Nevada grateful for Halstead’s many years fighting nuclear waste

On this Labor Day, the Sun salutes a recently retired Nevada leader whose three decades of tireless public service unquestionably made a difference in our state.

Bob Halstead, who stepped down last month as the executive director for the Nevada Agency for Nuclear Projects, will be long remembered for his staunch defense of the state against the Yucca Mountain nuclear waste repository project. It’s scary to think where Nevada might be today if not for Halstead and his guard-dogging against the federal government’s attempts to shove the nation’s high-level nuclear waste down our throats.

Halstead was the state’s foremost expert on the project, a walking encyclopedia of its many flaws. His credibility, geniality and commitment allowed him to work with Republican and Democratic governors, Nevada congressional delegates, state legislators and local officials alike.

That helped forge a unified front on the project that continues to this day. Outside of a few misguided officials, it’s difficult to find a Nevada leader who wants anything to do with Yucca Mountain.

Halstead also spearheaded the state’s response to the feds’ 2018 secret shipments of weapons-grade plutonium to the Nevada National Security Site, among other efforts.

Along the way, he became a nemesis of the Department of Energy, beating them back with legal and scientific challenges and poking their arguments full of holes.

He technically retired in July, but — true to form — continued to work into late August to take care of unfinished business and get his office ready for new leadership. Now, he’s back at his family’s home in Wisconsin.

In a statement placed in the Congressional Record, Sen. Catherine Cortez Masto, D-Nev., spoke to Halstead’s contribution to the state.

“Before coming to the Senate, I had the pleasure of working alongside Bob during my time as the Nevada attorney general,” she said. “No matter the day or hour, Bob always made time to review materials and provide well-informed, robust responses not just to me, but to my staff.

“It was comforting knowing someone with his exceptional experience was at the helm, guiding the state on an issue that is so important to Nevadans, and trying to right the wrongs of the federal government’s reckless mismanagement of nuclear waste.”

Nevada Rep. Dina Titus praised Halstead as a “tireless advocate” in the fight to keep nuclear waste out of Nevada.

“His expertise about the technical issues related to Yucca Mountain is second to none,” Titus said in an emailed statement to the Sun. “I don’t think the Department of Energy will miss him, but Nevada sure will.”

Patrick Donnelly, the Nevada state director for the Center for Biological Diversity, said Halstead’s efforts helped result in the defense of Yucca Mountain becoming “one of the more astounding acts of environmental resistance in modern history.”

It’s certainly been an impressive fight, and a long one. It dates to 1987, when Congress passed the so-called “Screw Nevada” bill that designated our state as the national waste repository site — without our consent.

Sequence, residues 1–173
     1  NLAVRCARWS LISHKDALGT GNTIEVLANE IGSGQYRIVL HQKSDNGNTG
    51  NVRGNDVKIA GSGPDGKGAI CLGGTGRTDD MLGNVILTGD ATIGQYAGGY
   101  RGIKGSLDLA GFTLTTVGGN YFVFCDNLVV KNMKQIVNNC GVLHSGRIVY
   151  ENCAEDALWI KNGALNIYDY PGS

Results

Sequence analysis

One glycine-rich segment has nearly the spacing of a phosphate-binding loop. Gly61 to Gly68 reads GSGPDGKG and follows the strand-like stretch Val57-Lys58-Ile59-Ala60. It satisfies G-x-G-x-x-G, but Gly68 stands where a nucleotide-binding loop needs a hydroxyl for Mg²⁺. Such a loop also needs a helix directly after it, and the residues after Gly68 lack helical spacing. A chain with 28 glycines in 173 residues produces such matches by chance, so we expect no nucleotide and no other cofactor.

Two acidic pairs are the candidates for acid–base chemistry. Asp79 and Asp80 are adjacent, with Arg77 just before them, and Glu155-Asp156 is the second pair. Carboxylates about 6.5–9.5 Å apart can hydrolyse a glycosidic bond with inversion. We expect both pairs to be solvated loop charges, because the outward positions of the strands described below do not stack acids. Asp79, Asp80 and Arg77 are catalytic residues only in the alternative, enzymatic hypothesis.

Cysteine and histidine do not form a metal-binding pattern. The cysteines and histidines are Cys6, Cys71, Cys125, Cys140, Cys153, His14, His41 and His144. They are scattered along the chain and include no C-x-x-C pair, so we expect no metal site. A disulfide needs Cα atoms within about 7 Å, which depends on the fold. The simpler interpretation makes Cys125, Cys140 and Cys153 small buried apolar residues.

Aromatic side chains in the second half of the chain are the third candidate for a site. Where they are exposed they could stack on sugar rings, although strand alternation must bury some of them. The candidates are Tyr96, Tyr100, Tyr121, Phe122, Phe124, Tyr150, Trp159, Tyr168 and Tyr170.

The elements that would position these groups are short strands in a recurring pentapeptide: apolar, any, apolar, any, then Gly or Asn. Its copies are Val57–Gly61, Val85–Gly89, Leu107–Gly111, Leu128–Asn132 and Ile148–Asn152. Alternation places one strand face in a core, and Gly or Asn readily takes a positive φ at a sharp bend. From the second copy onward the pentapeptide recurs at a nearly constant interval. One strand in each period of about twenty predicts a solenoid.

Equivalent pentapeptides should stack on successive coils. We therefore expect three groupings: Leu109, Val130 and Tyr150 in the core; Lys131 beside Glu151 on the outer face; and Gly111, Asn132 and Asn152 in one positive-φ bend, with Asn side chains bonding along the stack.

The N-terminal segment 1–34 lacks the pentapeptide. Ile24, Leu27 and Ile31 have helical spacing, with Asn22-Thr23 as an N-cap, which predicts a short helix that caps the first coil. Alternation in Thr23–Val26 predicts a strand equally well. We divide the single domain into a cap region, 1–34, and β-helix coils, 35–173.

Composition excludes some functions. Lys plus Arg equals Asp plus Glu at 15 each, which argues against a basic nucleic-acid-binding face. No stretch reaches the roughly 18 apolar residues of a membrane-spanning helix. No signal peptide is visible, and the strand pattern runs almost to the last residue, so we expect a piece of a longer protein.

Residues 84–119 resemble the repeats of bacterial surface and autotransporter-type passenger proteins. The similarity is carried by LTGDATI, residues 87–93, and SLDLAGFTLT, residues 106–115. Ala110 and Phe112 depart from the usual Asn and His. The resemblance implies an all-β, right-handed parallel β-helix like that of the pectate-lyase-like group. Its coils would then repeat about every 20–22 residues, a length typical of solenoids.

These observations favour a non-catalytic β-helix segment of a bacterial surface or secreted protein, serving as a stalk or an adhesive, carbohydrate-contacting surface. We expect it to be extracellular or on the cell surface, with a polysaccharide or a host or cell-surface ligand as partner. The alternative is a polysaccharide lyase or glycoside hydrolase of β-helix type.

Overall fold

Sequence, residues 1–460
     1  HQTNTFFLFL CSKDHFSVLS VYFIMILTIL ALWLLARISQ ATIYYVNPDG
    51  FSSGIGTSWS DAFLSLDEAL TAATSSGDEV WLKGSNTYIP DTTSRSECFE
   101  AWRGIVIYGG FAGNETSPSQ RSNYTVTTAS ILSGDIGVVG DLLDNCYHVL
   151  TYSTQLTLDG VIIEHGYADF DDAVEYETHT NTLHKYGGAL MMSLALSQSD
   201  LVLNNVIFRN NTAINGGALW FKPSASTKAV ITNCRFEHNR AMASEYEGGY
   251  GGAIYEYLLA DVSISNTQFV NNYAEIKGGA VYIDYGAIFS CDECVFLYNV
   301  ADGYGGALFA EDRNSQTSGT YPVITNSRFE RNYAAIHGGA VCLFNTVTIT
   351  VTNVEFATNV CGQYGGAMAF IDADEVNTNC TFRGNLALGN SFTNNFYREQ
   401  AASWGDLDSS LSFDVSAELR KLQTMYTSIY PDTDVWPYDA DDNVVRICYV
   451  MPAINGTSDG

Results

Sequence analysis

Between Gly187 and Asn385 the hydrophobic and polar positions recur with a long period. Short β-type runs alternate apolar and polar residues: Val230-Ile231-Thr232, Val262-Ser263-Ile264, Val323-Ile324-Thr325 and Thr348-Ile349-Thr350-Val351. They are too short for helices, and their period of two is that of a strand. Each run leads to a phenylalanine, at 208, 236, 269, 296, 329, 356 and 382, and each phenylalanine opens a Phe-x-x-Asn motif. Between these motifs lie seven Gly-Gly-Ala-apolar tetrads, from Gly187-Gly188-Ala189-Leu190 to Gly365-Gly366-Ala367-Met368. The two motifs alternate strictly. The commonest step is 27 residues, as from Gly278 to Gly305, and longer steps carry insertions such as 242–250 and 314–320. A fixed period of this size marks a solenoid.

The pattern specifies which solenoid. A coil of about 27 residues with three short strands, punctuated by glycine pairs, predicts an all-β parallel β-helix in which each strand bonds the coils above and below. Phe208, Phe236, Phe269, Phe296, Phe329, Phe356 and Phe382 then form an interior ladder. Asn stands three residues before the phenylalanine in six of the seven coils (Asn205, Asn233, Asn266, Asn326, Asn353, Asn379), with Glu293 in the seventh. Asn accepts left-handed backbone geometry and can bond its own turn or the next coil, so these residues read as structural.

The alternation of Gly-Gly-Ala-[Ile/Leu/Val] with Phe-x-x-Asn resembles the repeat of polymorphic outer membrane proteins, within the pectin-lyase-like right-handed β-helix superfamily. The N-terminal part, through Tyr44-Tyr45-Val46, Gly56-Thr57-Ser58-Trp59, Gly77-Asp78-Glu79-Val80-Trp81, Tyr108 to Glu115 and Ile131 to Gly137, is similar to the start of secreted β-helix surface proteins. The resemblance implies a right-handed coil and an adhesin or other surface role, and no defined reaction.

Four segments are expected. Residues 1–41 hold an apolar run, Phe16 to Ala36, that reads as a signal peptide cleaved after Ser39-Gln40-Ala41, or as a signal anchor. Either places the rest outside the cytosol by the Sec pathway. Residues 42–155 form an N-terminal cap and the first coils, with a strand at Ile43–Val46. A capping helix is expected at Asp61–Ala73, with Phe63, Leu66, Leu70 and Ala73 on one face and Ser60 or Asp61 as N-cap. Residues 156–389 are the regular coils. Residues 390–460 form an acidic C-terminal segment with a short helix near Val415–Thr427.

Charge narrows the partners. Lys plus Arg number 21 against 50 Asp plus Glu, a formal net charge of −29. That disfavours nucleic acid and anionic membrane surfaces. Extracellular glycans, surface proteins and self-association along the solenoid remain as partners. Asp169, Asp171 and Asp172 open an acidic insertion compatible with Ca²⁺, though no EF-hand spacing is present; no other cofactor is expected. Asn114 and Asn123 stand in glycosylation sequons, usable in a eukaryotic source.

Since then, the project has been killed and resurrected repeatedly, most recently when the Trump administration pushed for funding to restart the licensing process. When President Donald Trump finally capitulated, it was a high point for Halstead after a career of bedeviling pro-Yucca presidents, bureaucrats and Congress members who were intent on shipping waste out of their own districts and dumping it on Nevada.

But as Halstead has noted, the fight isn’t over. It won’t be until there’s legislation that permanently shuts down the site.

With Halstead’s departure, that means the current and next generations of Nevada leaders will have to take up the cause just as fervently as he did.

We simply can’t let down our guard on this monstrosity, which would result in more than 110,000 metric tons of highly radioactive waste being shipped into the backyard of Las Vegas and stored there. Transporting the material is dangerous, especially for Las Vegas, given that one of the main routes takes shipments directly through the heart of the city. Think about the effects of an accident or a terrorist attack on a shipment going through the middle of Las Vegas.

As for storage, seismic activity in the region makes Yucca Mountain a terrible place to put this waste. A leak could contaminate groundwater for thousands of years — and keep in mind that we’re talking about enough material to cover a football field about seven yards deep.

There’s nothing close to scientific proof that the waste could be safely stored in the repository for the tens of thousands of years it will remain radioactive.

Halstead knew this, and for 30 years he refused to yield on it.

Now, he plans to spend his time with his wife and their adult children, and go fishing as often as he can.

Hopefully, this Labor Day will find him with a line in the water. With his decades of work for Nevada, he’s earned his relaxation time.